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76

Wild dogs can indeed be dangerous, and packs can be extremely dangerous. You do not want to take on a pack of dogs if you can at all avoid it, and running is often a particularly bad idea. I suggest starting with the basics: try to keep the dog calm and don't try to intimidate it. This means: Don't make direct eye contact, and remember that sunglasses ...


30

To the question of whether you should run from a pack of dogs that may be aggressive, the answer is an unqualified NO!. As to what you should do, the answer is a bit more complicated. In the vast majority of cases, dogs won't attack you without provocation. As always, assume the best but prepare for the worst. The basics: Be Prepared: Prevention is ...


26

I'd say the only circumstances where you could try to run is when a safe place is near (your car, some kind of shelter, a tree you can climb etc.), the dogs are already alert and running to you (otherwise you could just walk to the shelter without them noticing), and you can realistically make it to the shelter before the dogs do. Remember that dogs car run ...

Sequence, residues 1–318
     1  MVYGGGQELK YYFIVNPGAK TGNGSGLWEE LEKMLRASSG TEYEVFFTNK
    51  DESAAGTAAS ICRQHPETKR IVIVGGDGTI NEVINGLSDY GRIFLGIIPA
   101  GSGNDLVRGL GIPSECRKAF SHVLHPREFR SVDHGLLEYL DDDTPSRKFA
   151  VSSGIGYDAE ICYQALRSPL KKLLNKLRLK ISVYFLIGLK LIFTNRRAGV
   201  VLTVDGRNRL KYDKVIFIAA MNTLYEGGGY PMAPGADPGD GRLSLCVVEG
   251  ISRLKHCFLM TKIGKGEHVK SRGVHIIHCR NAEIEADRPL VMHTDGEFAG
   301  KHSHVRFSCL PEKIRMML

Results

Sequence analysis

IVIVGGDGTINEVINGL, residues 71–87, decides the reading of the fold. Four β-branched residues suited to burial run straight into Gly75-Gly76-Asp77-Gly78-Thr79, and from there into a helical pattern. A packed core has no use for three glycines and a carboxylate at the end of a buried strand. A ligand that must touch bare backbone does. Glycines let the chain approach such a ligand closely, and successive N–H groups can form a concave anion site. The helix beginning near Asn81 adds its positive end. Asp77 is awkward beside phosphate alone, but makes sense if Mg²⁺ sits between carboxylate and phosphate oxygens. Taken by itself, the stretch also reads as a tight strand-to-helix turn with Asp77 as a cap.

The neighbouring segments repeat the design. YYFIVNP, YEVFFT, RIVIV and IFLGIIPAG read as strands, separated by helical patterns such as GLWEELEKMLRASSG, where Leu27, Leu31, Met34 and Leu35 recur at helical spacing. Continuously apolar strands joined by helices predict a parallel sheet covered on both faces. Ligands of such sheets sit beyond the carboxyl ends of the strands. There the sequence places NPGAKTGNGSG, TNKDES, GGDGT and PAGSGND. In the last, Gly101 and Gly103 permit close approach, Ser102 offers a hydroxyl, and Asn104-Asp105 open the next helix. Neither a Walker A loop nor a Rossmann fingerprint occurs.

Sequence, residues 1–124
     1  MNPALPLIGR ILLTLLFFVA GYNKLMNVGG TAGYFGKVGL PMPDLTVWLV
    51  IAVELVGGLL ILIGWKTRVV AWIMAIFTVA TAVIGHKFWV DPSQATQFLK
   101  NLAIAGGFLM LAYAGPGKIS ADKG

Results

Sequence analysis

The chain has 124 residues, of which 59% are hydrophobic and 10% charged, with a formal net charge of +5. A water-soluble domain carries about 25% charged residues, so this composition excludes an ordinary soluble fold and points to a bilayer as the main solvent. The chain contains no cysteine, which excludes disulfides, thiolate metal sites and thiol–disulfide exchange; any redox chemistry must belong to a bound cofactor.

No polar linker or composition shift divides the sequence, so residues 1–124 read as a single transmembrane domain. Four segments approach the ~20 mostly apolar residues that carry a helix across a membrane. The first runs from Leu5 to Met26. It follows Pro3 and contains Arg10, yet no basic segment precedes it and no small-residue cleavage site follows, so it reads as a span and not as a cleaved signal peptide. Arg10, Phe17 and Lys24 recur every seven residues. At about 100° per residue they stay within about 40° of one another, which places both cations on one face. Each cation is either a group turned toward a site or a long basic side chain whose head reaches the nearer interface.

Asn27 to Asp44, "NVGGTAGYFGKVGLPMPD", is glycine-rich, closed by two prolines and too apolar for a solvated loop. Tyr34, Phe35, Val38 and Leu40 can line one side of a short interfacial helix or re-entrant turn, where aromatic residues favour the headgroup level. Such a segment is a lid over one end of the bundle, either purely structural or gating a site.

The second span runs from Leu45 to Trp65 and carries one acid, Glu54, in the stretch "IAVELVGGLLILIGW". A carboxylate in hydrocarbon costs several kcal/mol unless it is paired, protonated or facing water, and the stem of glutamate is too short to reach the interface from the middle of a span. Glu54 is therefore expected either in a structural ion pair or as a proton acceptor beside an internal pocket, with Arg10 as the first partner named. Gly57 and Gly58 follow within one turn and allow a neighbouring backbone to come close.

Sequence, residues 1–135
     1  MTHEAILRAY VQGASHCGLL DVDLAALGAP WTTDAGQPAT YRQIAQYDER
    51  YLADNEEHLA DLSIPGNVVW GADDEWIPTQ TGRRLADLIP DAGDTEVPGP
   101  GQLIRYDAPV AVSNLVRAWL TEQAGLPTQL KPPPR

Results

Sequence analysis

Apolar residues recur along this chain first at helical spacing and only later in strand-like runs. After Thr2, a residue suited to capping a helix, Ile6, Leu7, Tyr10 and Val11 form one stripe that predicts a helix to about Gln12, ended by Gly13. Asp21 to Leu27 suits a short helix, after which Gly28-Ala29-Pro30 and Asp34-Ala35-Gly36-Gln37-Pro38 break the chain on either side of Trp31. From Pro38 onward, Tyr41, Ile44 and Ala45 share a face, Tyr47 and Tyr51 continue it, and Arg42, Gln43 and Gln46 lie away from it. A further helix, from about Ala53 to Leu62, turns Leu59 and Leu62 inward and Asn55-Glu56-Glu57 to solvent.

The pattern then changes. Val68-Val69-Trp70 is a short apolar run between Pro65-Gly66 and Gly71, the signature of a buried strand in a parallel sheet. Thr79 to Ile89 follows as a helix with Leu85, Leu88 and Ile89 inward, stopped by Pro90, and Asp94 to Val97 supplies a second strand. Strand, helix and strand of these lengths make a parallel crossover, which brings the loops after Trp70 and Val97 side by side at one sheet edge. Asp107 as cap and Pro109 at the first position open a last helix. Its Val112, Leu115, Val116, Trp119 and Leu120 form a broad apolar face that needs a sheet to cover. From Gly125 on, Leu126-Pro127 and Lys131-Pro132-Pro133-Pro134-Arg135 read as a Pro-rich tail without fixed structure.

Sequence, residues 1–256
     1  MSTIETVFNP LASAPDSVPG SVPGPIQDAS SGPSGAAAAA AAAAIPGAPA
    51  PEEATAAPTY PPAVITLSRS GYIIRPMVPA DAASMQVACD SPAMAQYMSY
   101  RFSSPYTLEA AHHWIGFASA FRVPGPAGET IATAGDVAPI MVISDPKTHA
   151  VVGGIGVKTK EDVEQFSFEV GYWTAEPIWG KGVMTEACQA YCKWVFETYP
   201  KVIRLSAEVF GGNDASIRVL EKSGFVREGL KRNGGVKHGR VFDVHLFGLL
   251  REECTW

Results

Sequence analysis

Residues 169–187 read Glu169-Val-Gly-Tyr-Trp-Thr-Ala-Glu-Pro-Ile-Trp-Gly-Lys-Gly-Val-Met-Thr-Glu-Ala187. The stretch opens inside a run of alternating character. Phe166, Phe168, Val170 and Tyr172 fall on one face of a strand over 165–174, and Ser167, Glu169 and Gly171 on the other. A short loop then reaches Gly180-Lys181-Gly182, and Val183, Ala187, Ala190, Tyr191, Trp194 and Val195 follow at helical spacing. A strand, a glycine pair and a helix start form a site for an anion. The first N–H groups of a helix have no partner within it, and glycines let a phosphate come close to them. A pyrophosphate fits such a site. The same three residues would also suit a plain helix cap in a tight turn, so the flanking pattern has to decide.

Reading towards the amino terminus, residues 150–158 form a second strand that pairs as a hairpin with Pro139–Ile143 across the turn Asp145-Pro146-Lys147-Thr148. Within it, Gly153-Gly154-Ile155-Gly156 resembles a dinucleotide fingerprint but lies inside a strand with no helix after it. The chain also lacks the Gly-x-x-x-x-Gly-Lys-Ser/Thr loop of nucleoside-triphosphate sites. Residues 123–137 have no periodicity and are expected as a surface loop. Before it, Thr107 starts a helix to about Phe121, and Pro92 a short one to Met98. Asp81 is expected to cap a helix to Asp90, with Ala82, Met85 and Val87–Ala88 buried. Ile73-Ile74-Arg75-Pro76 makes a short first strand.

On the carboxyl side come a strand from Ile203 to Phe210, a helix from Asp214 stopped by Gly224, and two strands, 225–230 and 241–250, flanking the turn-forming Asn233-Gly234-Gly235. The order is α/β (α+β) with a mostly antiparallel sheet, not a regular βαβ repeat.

24

So far all of the answers are assuming the wild dogs are actively hunting you or at least seriously considering attacking you. This might be due to the part of your question where you say: ... or should I stand fast and defend myself? If the dogs appear to be actively hunting you then a controlled exit to a safe area as suggested by Dmitry Grigoryev is ...


18

unfortunately, you have limited choice. My suggestion is to hold the rabbit body in one hand, and the head in the other, quickly snapping the head up and backwards will break the spinal column and kill the rabbit quickly and painlessly.


17